Estate agent language

(39 Posts)
Toooldnowx Thu 03-Sep-20 20:01:18

It seems that every where is a highly sought after area. Are you finding this being over used?

OP’s posts: |
toastofthetown Thu 03-Sep-20 20:11:03

I see that everywhere too.My personal favourite is 'deceptively spacious' which always seems to mean no room to swing a cat.

JoJoSM2 Thu 03-Sep-20 20:16:20

I think I live in a very nice place so when agents use ‘highly sought after’, I can see their point. I think sometimes they’re a bit over-generous with their adjectives about particular roads but I haven’t seen anything ridiculous along the lines of calling somewhere ‘highly sought after’ if it’s manky.

Russell19 Thu 03-Sep-20 20:17:11

Yes, if the listing doesn't include 'highly sought-after' then that means 'shit hole'

LividLaughLovely Thu 03-Sep-20 20:19:24

One I’m viewing this weekend has “fit for a show home,” which I’m hoping is synonymous with “doesn’t stink of cat or dog piss,” unlike the last few I’ve seen.

Thecazelets Thu 03-Sep-20 20:26:01

I am pleased to report from the blurb for the house currently for sale on my road that we are not only 'highly sought after' but 'prime' and a 'premier residential location'. Doesn't seem to be helping to shift it though!

NCParanoia Thu 03-Sep-20 20:27:08

neutral decor throughout = dated
Great potential = needs 40k thrown at it
Rare to the market = granny's been living there for 75 years and hasn't changed a thing
Well proportioned room = only just big enough for a sofa
Vibrant Central location = M4 on your doorstep

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Toooldnowx Thu 03-Sep-20 20:31:23

grin NCP I love your ‘rare to the market’ description.

OP’s posts: |
Thecazelets Thu 03-Sep-20 20:34:08

'Well maintained' means 'owned by an older couple with colour-coded screwdrivers and very clean guttering, but kitchen last updated when Margaret Thatcher was a junior minister'.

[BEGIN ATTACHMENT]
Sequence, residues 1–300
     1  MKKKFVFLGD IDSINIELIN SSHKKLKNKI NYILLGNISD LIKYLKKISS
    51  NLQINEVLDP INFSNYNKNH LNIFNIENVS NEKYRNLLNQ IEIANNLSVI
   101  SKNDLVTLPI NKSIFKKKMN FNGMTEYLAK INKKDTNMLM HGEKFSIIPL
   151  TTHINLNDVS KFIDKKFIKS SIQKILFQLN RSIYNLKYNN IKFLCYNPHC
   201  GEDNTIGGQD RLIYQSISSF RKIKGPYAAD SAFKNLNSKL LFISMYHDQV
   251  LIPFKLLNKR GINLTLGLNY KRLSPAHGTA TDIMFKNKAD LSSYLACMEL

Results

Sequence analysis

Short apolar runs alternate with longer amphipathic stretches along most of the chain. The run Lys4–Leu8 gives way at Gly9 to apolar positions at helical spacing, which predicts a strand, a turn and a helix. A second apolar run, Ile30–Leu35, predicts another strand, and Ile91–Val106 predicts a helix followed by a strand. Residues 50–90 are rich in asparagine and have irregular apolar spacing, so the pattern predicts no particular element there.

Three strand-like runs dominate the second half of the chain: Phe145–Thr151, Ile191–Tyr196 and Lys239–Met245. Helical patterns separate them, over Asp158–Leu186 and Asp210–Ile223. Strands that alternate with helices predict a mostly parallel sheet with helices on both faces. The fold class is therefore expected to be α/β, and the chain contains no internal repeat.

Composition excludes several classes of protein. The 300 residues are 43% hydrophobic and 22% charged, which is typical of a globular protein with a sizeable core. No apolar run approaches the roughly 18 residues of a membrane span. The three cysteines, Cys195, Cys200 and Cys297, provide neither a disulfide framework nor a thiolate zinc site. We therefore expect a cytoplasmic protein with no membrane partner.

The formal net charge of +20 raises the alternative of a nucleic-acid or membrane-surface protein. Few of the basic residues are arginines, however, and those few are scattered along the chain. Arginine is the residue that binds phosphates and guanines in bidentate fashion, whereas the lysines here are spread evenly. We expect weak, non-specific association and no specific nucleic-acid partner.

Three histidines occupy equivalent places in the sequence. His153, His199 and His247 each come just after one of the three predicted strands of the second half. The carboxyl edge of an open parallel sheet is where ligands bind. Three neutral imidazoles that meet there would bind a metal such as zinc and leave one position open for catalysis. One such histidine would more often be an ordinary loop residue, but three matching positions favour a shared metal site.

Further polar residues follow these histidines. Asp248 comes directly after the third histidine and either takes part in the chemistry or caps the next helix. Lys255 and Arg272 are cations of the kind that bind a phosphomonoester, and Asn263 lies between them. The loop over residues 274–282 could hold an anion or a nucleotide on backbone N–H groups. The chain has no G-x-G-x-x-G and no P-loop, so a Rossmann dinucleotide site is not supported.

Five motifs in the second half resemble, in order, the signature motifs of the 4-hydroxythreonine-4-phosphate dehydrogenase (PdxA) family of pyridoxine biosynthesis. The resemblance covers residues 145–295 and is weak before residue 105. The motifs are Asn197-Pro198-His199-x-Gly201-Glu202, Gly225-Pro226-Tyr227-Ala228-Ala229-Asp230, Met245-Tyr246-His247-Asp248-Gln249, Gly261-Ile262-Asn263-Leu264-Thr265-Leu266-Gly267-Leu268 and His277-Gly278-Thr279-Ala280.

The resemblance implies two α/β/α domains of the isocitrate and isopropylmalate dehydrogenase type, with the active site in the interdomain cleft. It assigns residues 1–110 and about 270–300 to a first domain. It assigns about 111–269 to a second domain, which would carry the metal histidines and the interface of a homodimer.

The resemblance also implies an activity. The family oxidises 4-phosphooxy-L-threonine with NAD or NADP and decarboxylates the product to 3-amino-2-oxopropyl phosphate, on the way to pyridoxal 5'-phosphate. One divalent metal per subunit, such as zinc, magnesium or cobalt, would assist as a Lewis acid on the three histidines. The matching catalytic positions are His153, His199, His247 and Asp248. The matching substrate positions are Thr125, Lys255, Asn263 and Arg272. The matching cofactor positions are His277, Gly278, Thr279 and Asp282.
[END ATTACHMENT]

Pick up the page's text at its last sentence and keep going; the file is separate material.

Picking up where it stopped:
emilybrontescorsett Thu 03-Sep-20 20:39:13

Period property means old, rattling, cold and needs lots of work.
Spacious means average.
Well maintained garden means a bit of a lawn with an abundance of concrete/pebbles.

MikeUniformMike Thu 03-Sep-20 20:41:36

neutral decor throughout = magnolia everywhere not artexed
Great potential = needs 140k thrown at it
Rare to the market = granny's been living there for 75 years and hasn't changed a thing
Well proportioned room = only just big enough for a sofa
Vibrant Central location = bloody rough area

Boringnamechanging Thu 03-Sep-20 20:47:18

grin I’m crying with laughter as I’ve just had a similar conversation

-it has a pond that’s an asset. (Young family sized house, yes that’s generally what’s wanted somewhere for the toddlers to jump in)
-new oven (yes granted you haven’t used the oven since it was installed in the 90s)
-modern kitchen (90s!!!!!!!)
Left the washing machine that’ll be helpful (I’m not sure my clothes would come out cleaner)
-it has a conservatory (ummm yep technically but it leaks a sieve and is rotting)

MikeUniformMike Thu 03-Sep-20 20:56:21

tastefully decorated throughout - the seller's taste not yours.
in need of modernisation - no bathroom, just outside toilet.

MikeUniformMike Thu 03-Sep-20 20:59:05

[nice village] borders - the bit of rough area nearest [nice village]

MillieMoodle Thu 03-Sep-20 21:13:37

Rural location = arse end of nowhere
Private access = May have a bit of a drive or front garden.
Excellent transport links = either next to a motorway/railway or if in London next to a bus stop or tube station
Up-and-coming area = absolute shit hole but if we can convince enough people to move here, prices might go up.
Vibrant = noisy, smelly, busy
Would suit an experienced investor = no windows/kitchen/bathroom/heating. Probably suffering damp and/or infestation. May also be subsidence and/or Japanese knotweed. Please don't ask any questions.

Toooldnowx Thu 03-Sep-20 21:15:27

Gorgeous is another overused term. To me it means ordinary but we have used camera tricks to make it look like what it isn’t in real life. I know the EA must advertise the property and use grandiose language to make the seller feel good about their house but it can be so far from reality.

OP’s posts: |
Bol87 Thu 03-Sep-20 21:15:52

There’s an area near me that is described as ‘on the outskirts of xx & it’s many cafes & shops & excellent school’ .. it’d take well over hour to walk from said location to the desirable one & 10/15 min drive. And you are 100% not in the catchment. It genuinely baffles me ..